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Old 08-30-2017, 10:00 AM
 
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Quote:
Originally Posted by MH1955 View Post
Thanks for your input -- I will check into Morehead city. It sounds like Winterviewl may not be a bad place to start looking,

I lived about 1/2 hour 45 min from the shore in CT and did notice the further inland the more humid, as to be expected.

Wondering if everyone's definitiion of hot is individual. In FL it is often over 90 up to 97 without a blink, but it doesn't really feel that hot to me. There are days it is very very humid but not the norm. Would relocating north to NC not mean it would not be as hot as here? I'm just trying to figure out if I would be making a lateral move to NC (weather wise).

This is very difficult to do.

Thanks again.
Go online and compare average dew points (not temperatures) of various locations in FL and NC. That will give you a better idea of how muggy and miserable each location feels.
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Old 08-30-2017, 10:05 AM
 
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Quote:
Originally Posted by BC1960 View Post
Go online and compare average dew points (not temperatures) of various locations in FL and NC. That will give you a better idea of how muggy and miserable each location feels.
Good idea BC1960 I will do exactly that...excellent suggestion. Thank you.
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Old 08-30-2017, 10:14 AM
 
Location: Chapelboro
10,701 posts, read 11,340,381 times
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It's extremely hot and humid east of I-95. It's pretty much the hottest and most humid part of the state, barring Fayetteville which is right on I-95. And frankly (although my family has roots in southeastern NC east of I-95 going back many, many, many generations) I find the flat, sandy, swampy piney-woods landscape east of I-95 much less attractive than the landscape of mature deciduous forest and rolling hills you find in the piedmont west of I-95.

It will be cooler right at the beach, as in right on the sand with the ocean breeze blowing in your hair, otherwise it's hot and humid in the summer in NC until you get up in the mountains. It is better west of I-95, though, where it's less flat and there is more variation in topography and better shade trees!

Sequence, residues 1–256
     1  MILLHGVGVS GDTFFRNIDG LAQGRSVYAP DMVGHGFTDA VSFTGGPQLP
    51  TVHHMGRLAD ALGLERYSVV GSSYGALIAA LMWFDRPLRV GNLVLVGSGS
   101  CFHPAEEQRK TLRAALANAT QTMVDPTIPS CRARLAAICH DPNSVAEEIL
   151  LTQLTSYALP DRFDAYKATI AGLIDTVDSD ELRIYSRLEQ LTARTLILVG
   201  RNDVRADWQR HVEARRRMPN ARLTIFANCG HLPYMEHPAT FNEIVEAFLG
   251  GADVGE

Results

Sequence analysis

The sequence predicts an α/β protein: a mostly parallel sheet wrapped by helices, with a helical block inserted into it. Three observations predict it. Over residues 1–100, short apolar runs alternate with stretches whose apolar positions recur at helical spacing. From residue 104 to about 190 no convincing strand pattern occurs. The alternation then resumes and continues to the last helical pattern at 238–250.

The difference between Florida summer and a North Carolina summer (excluding the mountains) is mainly in how long it lasts. Where in Florida summer might start in April and last until the end of October, in NC it's more mid-May to mid-September. In the non-mountain region of NC we usually see several days with temps over 100 each summer. That's not the heat index, but the actual temp. There are many more days where the heat index is over 100. Being right on the coast does mitigate the super high temps somewhat, but I mean in a beach community — not 30 miles east of the beach.

I think you really need to come visit and just drive around a little.

Last edited by poppydog; 08-30-2017 at 10:27 AM..
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Old 08-30-2017, 10:25 AM
 
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Yes indeed I do need to come and drive around and that is exactly what I intend to do as I said in my first post...I was just looking to get a jumping point as to where to begin the search and discover process. NC is a huge state so trying to narrow it down is even difficult.

I will do as BC1960 suggested to get a better frame of reference with regard to humidity by checking the dewpoints. That is a great idea.

I have my work cut out for me that is obvious but I need to decide to do the homework and move to NC or give up the notion and keep looking.

I don't think permanent roots in FL will work because I miss the family up north too much. I thought NC might be an option and that is yet to be determined.

Thanks all.
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